Ok I give this one to North Bangalore. The best masala dosa in town is found at CTR in Malleswaram (ok I’m going by one data point, haven’t been there more often). The thing that goes by the name of masala dosa in Vidyarthi Bhavan is a completely different animal. It is thick, it is literally deep fried, and tasty, yes. But it’s not a masala dosa.
The problem with restaurants having “flagship dishes” (like the masala dosa at either CTR or Vidyarthi Bhavan) is that you are usually loathe to try out their other dishes which could be quite tasty as well. For example, the idli-vada at Vidyarthi Bhavan is quite good, and I’m told that the rava vada is awesome (unfortunately I went there on a weekday morning when they don’t make rava vada). And I don’t know if it’s good business practice for restaurants to have a “flagship dish”.
Coming back to “real” masala dosa and Gandhi Bazaar, you should definitely go to this quaint old little place called Mahalakshmi Tiffin Room on DVG Road, between Gandhi Bazaar circle and North Road. It’s a fairly old-fashioned place, doesn’t serve sambar with masala dosa (only chutney), happily serves one-by-two masala dosa and is generally not very crowded.
It is one of those places with a wooden door, with a wooden shelf in the corner which has pepsi, mirinda, etc. The service is quick and efficient and the food is tasty.
Of late I’m not too impressed by the masala dosa at Adigas, which not so long ago I used to absolutely crave (for example, when I returned to Bangalore after a 10-week trip to London 5 years ago, I went to an Adigas for masala dosa straight from the airport. Now it doesn’t seem to be all that worth it). Or maybe I’m biased in my opinion because the Adigas I most frequent is the one at Embassy Golf Links, where my office is located.
Oh and I need to mention here that I absolutely loathe the Madras masala dosa, the thing that is white and not very crisp, with soggy palya and served with some three varieties of chutney, and flat sambar.
Ok this is a post that has been delayed by about a couple of weeks. One of those things that has been in my head now for a while so writing it. So some two or three Sundays back (more likely to be two) I went to the famous CTR in Malleswaram for breakfast. For the first time ever. Yeah I now it’s supposed to be a classic place and all that but it’s only now that I’m getting acquainted with north/west parts of Bangalore so had completely missed out on this so far.
So as per what several people had told me at various points of time in life, the Masala Dosa at CTR was brilliant. Unparalleled. The difference between CTR and Vidyarthi Bhavan is that the former makes masala dosa just the way that other restaurants do, but only much better and tastier. The dosa at Vidyarthi Bhavan is a different animal altogether and am told the has very different composition to what is made in other restaurants.
There is another important difference between CTR and Vidyarthi Bhavan and thats in terms of service and crowd management. Vidyarthi Bhavan does an excellent job in this regard, striving to “rotate table covers” as quickly as possible. Within moments of you taking your seat, your order gets taken, the dosa arrives, as does the bill and a look from the waiter asking you what the fuck you are doing there considering you have finished your tiffin. Extremely efficient from the point of view of the restaurant (in terms of maximizing capacity) and for customers looking for a quick dosa, but not so from the point of view of people who want to linger for a while and chat.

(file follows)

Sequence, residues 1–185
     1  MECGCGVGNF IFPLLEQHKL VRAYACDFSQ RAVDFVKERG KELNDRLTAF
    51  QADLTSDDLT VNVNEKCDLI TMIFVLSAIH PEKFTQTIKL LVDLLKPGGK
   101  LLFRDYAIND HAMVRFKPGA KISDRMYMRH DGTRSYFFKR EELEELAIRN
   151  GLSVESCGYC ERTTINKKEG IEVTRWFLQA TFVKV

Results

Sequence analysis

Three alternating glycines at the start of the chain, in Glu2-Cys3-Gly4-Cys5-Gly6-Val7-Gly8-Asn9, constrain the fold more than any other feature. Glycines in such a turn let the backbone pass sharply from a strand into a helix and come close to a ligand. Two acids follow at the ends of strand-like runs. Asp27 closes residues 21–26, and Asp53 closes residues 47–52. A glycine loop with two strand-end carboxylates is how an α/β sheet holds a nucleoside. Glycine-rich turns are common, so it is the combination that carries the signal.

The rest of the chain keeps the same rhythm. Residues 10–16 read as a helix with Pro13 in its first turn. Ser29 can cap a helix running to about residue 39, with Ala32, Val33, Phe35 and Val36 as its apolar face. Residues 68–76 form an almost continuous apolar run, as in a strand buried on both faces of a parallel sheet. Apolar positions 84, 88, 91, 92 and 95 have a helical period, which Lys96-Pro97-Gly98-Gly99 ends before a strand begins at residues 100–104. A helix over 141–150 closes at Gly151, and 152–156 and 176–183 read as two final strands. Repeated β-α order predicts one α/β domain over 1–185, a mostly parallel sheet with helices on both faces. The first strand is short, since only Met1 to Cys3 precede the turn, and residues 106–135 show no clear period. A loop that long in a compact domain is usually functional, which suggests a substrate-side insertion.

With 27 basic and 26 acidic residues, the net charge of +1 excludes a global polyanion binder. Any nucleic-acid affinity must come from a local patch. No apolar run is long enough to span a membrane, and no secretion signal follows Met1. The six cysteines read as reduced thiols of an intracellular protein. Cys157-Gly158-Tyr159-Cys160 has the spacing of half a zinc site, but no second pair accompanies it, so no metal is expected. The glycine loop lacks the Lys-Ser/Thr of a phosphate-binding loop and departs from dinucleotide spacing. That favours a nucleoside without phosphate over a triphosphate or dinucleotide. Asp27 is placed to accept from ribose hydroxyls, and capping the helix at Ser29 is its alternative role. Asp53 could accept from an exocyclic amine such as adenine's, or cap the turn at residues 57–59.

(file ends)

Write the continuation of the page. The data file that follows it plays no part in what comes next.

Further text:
Unfortunately the one time I’ve been to CTR (2 sundays back) I was in a bit of a hurry since I had to go attend a quiz. Maybe the intention of the restaurant is to allow customers to sit for a while and chat up, but I don’t know if you can actually do that since at any given point of time (reports might be biased since this was a Sunday morning, 9am) there are four people waiting for you to leave so that they can grab your seat. This large crowd that is in waiting is also I think a result of slow service at the restaurant (simple queuing theory – for a given arrival rate, the slower the service rate, the more the average queue length).
There were some simple tasks in which CTR didn’t do so well. For example, making a customer wait for ten minutes before you take his order is not only ten minutes wasted for him, it is also ten minutes of absolutely unproductive “table time” – something that a fast food place like this can’t really afford. And then the ordered items also took a long time to arrive (again, most people at CTR have the same order – one “masaal” so I do hope the make dosas “to stock”) – but then their kitchen capacity may not match up to the capacity of the seating area (which isn’t too much). You pay bill at the table itself rather than at the counter which means you sit there for even longer. And so forth.
This post is supposed to be a part of this series that I was writing some four years back examining the Supply Chain practices and delivery models at various fast food restaurants in Bangalore. I have only one observation with respect to CTR and based on that I don’t give it very high marks in terms of supply chain and delivery efficiency. However, the dosa there is so awesome that I’m sure that I’ll brave the crowds and go there more often and might be able to make better observations about the process.